Tuesday 6 January 2009

Open letter to The Pink'un: you were snowed

Dear FT editors,

Your January 4th editorial, Surfers should pay congestion charges, made painful reading.

The Network Neutrality debate isn't centred on the ability to buy preferential access to to the Internet. This is a canard floated by parties with an agenda to muddy the waters and obscure the real debate.

The real issue is to prevent vertically-integrated media companies from exercising unfair competition.

Imagine an ISP who's parent company also owned a competitor to Skype, the popular Internet phone service. Network neutrality regulations would seek to prevent that ISP from selectively reducing the quality of service between Skype users.

It has little or nothing to do with CDNs, "selling access to special fast lanes" or "preventing the market from rationing a scarce resource."

Yours sincerely,
Richi Jennings.


Mark said...

This is all a matter of perspective.

I use Skype because it is remarkably good value for money, but then I don't rely upon it for my business.

Imagine that I want to pay for a more reliable service. My ISP (hypothetically) offers this on clear and open commercial terms. You are suggesting that they should be prohibited from doing so.

Consider this alternative way of describing the same service offering.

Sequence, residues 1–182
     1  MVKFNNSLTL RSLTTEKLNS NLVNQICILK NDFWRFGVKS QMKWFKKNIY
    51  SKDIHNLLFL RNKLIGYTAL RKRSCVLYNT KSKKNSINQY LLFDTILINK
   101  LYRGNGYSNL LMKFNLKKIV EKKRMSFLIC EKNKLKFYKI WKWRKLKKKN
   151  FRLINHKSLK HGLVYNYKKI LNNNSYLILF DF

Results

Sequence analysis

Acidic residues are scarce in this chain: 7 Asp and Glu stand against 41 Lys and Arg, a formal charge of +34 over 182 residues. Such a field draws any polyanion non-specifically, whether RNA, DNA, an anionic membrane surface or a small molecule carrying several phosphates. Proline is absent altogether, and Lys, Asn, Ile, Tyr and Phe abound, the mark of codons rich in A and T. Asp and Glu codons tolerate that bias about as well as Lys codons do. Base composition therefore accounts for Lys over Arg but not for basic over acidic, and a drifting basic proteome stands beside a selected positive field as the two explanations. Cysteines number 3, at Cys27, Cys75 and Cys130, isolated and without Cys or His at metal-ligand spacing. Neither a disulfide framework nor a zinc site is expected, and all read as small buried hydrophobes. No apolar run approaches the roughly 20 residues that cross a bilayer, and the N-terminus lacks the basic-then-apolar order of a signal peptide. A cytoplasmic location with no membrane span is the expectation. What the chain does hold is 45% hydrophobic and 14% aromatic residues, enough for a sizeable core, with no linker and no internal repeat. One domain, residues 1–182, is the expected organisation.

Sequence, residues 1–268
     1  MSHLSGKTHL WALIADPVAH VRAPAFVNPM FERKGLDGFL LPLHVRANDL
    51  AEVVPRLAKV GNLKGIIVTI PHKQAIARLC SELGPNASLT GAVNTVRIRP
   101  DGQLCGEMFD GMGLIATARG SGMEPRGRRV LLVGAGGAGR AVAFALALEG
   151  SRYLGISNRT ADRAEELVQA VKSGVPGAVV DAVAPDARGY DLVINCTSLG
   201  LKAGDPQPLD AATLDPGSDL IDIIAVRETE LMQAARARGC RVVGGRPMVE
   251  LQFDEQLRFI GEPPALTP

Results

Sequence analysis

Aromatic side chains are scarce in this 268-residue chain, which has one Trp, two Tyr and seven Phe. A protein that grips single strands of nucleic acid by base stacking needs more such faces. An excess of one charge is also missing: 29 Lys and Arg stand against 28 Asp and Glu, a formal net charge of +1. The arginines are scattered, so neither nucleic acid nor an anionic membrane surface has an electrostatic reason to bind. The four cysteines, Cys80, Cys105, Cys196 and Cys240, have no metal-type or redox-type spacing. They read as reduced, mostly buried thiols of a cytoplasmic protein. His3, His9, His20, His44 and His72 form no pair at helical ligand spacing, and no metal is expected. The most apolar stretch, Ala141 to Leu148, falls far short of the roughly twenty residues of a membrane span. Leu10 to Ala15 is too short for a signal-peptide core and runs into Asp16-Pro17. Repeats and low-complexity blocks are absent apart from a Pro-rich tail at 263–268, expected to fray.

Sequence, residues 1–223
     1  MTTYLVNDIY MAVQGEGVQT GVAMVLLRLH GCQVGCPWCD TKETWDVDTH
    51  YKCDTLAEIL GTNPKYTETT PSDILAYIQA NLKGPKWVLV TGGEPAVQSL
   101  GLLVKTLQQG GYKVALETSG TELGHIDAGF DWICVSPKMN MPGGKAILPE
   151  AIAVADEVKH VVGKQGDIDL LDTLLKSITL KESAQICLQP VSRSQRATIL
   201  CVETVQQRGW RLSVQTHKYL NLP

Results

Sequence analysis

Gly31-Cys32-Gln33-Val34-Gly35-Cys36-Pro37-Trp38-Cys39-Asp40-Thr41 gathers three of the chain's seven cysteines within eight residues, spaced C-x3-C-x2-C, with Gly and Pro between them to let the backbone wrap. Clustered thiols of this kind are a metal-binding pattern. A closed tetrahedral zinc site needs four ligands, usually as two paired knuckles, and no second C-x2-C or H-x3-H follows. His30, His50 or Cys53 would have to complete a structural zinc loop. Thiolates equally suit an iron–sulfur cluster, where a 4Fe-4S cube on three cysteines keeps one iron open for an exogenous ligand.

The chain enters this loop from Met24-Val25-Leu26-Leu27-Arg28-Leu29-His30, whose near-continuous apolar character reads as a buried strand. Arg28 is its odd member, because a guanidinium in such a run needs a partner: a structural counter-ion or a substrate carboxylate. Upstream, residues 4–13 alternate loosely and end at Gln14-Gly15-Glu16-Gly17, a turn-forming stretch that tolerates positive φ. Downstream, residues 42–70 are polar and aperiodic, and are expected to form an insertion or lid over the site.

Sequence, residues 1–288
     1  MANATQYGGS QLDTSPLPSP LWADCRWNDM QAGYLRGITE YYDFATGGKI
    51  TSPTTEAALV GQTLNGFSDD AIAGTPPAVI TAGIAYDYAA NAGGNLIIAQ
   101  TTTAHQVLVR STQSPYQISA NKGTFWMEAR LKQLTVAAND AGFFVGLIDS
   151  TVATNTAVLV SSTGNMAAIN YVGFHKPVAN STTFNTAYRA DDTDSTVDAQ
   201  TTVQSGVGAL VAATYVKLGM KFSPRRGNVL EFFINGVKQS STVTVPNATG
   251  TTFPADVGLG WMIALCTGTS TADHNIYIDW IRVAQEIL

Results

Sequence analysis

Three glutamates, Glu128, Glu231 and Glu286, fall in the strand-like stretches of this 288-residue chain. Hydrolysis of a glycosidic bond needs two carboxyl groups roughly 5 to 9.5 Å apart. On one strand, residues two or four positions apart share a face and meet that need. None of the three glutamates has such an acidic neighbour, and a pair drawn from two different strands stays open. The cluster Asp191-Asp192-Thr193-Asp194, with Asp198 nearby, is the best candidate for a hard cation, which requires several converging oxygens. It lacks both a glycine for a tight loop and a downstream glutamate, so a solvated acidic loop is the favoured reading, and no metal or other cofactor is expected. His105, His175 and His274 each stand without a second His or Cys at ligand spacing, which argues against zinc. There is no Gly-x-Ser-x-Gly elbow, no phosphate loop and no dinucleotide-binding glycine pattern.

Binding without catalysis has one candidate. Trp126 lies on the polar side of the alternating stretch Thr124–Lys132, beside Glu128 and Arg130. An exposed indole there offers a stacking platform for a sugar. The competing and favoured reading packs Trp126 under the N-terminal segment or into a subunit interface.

An ISP provides two independent services. One is a conventional ISP service, completely neutral as you wish. The other is a closed, private network that offers VoIP to customers who need reliability.

Clearly you don't object to the first service. Do you wish to stop me subscribing to the second?

My ISP observes that the VoIP service is only busy at certain times. Perhaps most of its subscribers operate during office hours. During the quiet times they can divert traffic from the standard ISP service through the VoIP network, which can either be viewed as increasing throughput for the non-premium customers or reducing the equipment needed (and hence cost) for such customers.

The neutral service you want is better, cheaper, or both if the ISP does not enforce network neutrality, which would appear to be a paradox.

In short, I think that the FT editorial you read is entirely correct.

Richi Jennings said...

Mark, no, that's not it at all.

With respect, you've either not read my post or you are simply one of the army of shills currently trying to misdirect the network neutrality conversation.

At the risk of feeding the troll, this isn't about preventing ISPs from providing QoS -- it's about preventing them from misusing QoS by downgrading traffic that competes with their own applications.

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